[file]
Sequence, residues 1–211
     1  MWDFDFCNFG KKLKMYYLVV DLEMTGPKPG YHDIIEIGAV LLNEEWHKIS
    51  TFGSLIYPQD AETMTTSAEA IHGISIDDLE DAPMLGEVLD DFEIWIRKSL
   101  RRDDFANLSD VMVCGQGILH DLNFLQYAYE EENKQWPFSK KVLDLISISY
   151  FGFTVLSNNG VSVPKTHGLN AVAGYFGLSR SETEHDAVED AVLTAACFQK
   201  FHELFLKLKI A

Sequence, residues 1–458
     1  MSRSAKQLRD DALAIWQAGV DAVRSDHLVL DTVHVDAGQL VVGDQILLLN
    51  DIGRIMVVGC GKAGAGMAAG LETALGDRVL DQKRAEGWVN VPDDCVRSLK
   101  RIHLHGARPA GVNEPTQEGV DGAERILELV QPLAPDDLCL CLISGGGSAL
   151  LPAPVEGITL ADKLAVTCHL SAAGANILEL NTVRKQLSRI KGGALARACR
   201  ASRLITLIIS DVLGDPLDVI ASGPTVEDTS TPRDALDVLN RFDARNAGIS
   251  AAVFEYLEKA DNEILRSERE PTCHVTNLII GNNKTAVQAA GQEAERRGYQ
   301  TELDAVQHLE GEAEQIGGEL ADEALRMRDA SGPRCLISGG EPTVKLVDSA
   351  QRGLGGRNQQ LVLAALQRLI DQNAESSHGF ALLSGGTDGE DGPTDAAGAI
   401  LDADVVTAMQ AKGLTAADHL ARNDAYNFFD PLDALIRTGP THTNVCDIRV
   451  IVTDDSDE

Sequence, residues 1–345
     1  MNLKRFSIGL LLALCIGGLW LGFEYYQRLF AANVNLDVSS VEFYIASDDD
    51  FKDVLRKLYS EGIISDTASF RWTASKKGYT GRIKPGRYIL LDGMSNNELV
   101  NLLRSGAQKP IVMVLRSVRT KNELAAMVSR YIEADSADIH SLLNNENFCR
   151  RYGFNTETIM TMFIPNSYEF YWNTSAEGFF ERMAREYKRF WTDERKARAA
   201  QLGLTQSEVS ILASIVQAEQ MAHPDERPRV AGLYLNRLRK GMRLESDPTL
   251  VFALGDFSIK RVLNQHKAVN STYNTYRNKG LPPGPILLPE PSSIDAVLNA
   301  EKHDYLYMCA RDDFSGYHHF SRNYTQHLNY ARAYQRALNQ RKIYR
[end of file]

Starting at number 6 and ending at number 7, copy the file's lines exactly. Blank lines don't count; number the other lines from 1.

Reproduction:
   201  FHELFLKLKI A

Sequence, residues 1–458